As the Bundled Payments for Care Improvement (BPCI) model sunsets on September 30, 2018 and makes way for BPCI Advanced on October 1, 2018, it’s important for health systems and provider groups across the country to understand how this new voluntary program addresses episode precedence rules – especially in relation to the Comprehensive Care for Joint Replacement (CJR) program.
For physician group practices (PGPs) that are currently participating in the original BPCI model for the Major Joint Replacement of the Lower Extremity condition in CJR markets, the PGP “owns” the bundle, meaning the joint replacement episodes are attributed to the original BPCI PGP. However, with the end of the original BPCI model and the start of BPCI Advanced, these PGPs will no longer own the episode. Instead, it will be owned by the CJR hospital.
What This Means for BPCI Orthopedic Group Participants in CJR Markets
- Loss of control. The PGP will no longer be viewed by the Centers for Medicare & Medicaid Services (CMS) as the Episode Initiator for the bundle. This means the PGP will no longer be eligible to receive Net Payment Reconciliation Amount (NPRA) payments from CMS (or be on the hook for negative NPRA payments back to CMS). Therefore, many PGPs will lose a revenue stream and might be interested in exploring a gainsharing arrangement with CJR hospitals (since episodes will be attributed to the CJR hospital) to earn any portion of the future NPRA payments distributed by CMS.
- Financial repercussions could be significant. The CMS cap on gainsharing payments to physicians as compared to directly receiving the full CMS NPRA amount as PGP Episode Initiators means participating physicians will be limited to a maximum gainsharing distribution payment of 50% of their professional fees billed to CMS. Although the 50% gainsharing cap exists in both BPCI and CJR, the unearned gainsharing funds will stay with the CJR hospital, severely limiting the overall amount of savings available to those PGPs currently acting as the Episode Initiator under the BPCI model.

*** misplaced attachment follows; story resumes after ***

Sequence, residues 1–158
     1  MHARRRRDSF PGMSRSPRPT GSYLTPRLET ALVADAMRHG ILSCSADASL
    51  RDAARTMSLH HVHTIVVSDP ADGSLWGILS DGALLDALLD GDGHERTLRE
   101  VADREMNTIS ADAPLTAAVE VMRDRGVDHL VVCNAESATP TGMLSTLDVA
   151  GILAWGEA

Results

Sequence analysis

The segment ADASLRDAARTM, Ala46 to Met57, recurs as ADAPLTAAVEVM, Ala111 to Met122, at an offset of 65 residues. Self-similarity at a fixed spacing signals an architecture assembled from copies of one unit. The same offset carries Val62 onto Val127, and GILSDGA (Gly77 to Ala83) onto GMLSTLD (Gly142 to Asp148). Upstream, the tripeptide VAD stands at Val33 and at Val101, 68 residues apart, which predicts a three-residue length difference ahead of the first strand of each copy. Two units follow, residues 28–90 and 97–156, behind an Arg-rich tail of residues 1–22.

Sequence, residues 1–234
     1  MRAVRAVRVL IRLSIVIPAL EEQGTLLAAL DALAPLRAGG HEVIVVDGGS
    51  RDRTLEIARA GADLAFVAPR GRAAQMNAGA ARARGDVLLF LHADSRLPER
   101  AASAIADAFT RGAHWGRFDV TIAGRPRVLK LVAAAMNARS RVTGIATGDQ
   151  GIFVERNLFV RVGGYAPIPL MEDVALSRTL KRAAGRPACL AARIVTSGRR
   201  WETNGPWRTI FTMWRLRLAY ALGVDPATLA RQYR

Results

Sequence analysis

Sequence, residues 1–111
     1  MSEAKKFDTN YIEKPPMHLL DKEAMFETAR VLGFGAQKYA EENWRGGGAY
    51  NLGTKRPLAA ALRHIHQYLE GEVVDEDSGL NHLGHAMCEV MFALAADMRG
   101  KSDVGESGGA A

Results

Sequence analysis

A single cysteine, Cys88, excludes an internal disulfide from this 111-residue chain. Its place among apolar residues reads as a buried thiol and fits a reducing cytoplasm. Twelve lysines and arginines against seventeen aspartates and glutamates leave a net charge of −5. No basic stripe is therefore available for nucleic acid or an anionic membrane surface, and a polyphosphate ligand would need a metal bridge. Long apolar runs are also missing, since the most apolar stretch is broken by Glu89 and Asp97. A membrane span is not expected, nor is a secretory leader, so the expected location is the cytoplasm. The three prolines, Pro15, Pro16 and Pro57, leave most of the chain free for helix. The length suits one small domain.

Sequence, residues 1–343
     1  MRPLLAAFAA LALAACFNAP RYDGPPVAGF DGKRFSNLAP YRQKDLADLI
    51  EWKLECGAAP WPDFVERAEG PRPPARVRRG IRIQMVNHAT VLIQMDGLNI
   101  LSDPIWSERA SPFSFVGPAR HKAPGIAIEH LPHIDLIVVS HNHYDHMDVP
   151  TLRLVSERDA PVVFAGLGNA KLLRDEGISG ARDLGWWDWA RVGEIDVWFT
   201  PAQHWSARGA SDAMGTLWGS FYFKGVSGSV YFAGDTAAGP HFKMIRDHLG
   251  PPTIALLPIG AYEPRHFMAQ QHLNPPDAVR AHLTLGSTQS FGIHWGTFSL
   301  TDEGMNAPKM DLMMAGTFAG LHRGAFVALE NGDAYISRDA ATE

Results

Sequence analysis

- The shift may challenge the physician-hospital relationship. If an agreement cannot be reached that meets the PGP’s expectations related to gainsharing dollars, hospitals that have historically had to cede control in the bundle to the PGP due to BPCI precedence rules now could be seen as shutting the physicians out, which may harm overall growth and collaboration for both parties.
Merging Bundled Payment and Co-Management Models
This unique issue in CJR markets requires a merged bundled payment gainsharing/service line co-management approach to not only maintain physician alignment, but also expand upon the bundles program to accelerate overall service line growth.
Service line co-management agreements have been in place for several years and often focus on improving financial, operational and quality performance. As episode precedence shifts from PGP under the original BPCI model to hospitals under CJR, the time is ripe for hospital administration and physician leaders to come together to evaluate and strengthen their alignment for a “win-win” scenario.
Functionally, there are unique elements associated with bundles and service line co-management alignment models that allow them to be additive to each other.
By blending bundled payment gainsharing agreements with service line co-management agreements, hospitals are able to offer PGPs the opportunity to participate in some portion of the gainshare via bundles (albeit it at a lower amount via the 50% cap) simultaneously with a service line co-management model.
Three Keys to Optimizing Your Aligned Bundle and Co-Management Model
- Recognize that gainsharing and co-management would be two distinct contracts with the PGP, incenting the physicians for different activities.
- Avoid double paying physicians between the two programs.
- Understand that co-management is a service line-wide effort, thus could be broader than the bundled payment effort. It can involve multiple groups and sub-specialists (hand, sports medicine, etc.), which may not currently have access to any other incentive or alignment vehicle.
Crafting an alignment model that incorporates both bundled payment gainsharing and service line co-management agreements can create a sustainable, multi-year, multi-group, service line-wide alignment platform for hospitals to build on their competitive advantage in the market.
For more on how to achieve success in bundled payments, and BPCI Advanced in particular, download our white paper: Ready, Risk, Reward: Keys to Success in Bundled Payments or contact Brian Esser.